Mercedes-Benz said on Wednesday it would withdraw from the Russian market and sell shares in its industrial and financial services subsidiaries to a local investor, becoming the latest carmaker to exit the country.
Japan's Nissan this month took a $687 million loss in handing over its business in Russia to a state-owned entity for one euro, mirroring an earlier move by Renault which sold its majority stake in Russia's Avtovaz for one rouble.
Mercedes-Benz Russia said shares in the local subsidiaries would be sold to car dealer chain Avtodom.
Mercedes Chief Financial Officer Harald Wilhelm, while presenting third-quarter results, said the transaction was not expected to give rise to any further significant effects when it comes to the group's profitability and financial position beyond those reported in previous quarters.
"Final completion of the transaction is subject to the authority's approval and the implementation of contractually agreed conditions," he added.
Both Nissan and Renault included six-year buyback clauses. Russia's Vedomosti daily cited a source as saying that the Mercedes deal may include a similar clause.
A Mercedes spokesperson said the company's 15% stake in Russian truckmaker Kamaz would not be affected by the intended transaction and should be transferred to Daimler Truck this year as planned.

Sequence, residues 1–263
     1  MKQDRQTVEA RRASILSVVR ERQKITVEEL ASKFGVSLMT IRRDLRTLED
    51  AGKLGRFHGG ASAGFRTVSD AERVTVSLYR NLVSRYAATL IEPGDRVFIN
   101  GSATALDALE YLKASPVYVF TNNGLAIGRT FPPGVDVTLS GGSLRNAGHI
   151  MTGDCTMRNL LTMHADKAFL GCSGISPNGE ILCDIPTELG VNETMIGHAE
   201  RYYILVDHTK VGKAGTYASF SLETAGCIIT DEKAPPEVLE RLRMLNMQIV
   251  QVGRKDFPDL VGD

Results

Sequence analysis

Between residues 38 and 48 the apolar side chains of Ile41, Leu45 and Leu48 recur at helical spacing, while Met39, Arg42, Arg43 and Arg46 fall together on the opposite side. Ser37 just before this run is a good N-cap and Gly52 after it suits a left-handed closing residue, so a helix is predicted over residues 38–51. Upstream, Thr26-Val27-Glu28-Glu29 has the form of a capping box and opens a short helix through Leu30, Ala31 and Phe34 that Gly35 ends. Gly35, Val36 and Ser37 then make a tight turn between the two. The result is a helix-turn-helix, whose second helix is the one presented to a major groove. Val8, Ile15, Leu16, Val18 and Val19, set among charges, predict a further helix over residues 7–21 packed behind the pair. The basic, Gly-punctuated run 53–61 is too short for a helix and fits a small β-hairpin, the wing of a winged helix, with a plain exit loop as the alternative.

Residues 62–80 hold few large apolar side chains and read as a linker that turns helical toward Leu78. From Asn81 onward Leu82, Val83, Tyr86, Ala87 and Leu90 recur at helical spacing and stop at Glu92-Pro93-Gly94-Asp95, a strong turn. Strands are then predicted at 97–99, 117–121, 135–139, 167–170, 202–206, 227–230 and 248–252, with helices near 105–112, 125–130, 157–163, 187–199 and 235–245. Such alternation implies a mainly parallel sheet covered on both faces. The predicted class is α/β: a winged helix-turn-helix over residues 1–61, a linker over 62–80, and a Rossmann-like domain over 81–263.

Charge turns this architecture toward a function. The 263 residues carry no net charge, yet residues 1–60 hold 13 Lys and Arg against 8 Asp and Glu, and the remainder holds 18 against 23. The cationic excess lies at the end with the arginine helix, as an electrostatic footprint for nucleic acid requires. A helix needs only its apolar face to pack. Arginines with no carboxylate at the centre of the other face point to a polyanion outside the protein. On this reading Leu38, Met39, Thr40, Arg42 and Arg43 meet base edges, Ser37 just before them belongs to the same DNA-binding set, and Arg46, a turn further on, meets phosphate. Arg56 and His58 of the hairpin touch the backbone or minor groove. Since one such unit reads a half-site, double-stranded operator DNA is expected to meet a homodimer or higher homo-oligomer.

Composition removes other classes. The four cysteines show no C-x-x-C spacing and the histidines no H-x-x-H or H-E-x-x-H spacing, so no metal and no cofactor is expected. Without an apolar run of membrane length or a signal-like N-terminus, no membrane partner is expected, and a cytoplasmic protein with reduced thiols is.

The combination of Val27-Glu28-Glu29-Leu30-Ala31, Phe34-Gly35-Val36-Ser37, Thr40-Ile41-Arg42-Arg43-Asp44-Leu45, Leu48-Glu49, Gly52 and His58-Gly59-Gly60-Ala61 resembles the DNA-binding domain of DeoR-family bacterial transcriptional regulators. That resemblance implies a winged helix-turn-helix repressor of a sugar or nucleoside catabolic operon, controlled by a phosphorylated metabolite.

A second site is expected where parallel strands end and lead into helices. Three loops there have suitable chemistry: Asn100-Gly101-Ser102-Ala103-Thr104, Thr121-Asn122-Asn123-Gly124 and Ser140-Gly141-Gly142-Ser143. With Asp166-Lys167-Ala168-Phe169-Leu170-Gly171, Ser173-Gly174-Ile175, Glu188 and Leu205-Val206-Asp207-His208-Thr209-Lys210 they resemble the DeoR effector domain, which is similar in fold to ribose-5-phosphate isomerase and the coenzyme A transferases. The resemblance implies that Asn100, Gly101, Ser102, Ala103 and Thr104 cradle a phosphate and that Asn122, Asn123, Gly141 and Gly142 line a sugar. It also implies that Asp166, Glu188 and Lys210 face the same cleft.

Avtodom said it would select a technology partner to continue operating the production facilities at the Esipovo industrial estate northwest of Moscow, where Mercedes-Benz has a production plant.
"The main priorities in agreeing the terms of the transaction were to maximise the fulfilment of obligations to clients from Russia both in terms of after-sales services and financial services, as well as preserving jobs of employees at the Russian divisions of the company," Natalia Koroleva, CEO of Mercedes-Benz Rus, said in a statement.
Mercedes suspended manufacturing in Russia in early March.
The Association of European Businesses (AEB) said 9,558 Mercedes vehicles were sold in Russia from January to September, down 72.8% from a year earlier. (Reporting by Victoria Waldersee, Gleb Stolyarov and Alexander Marrow; editing by Andrew Heavens and Jason Neely)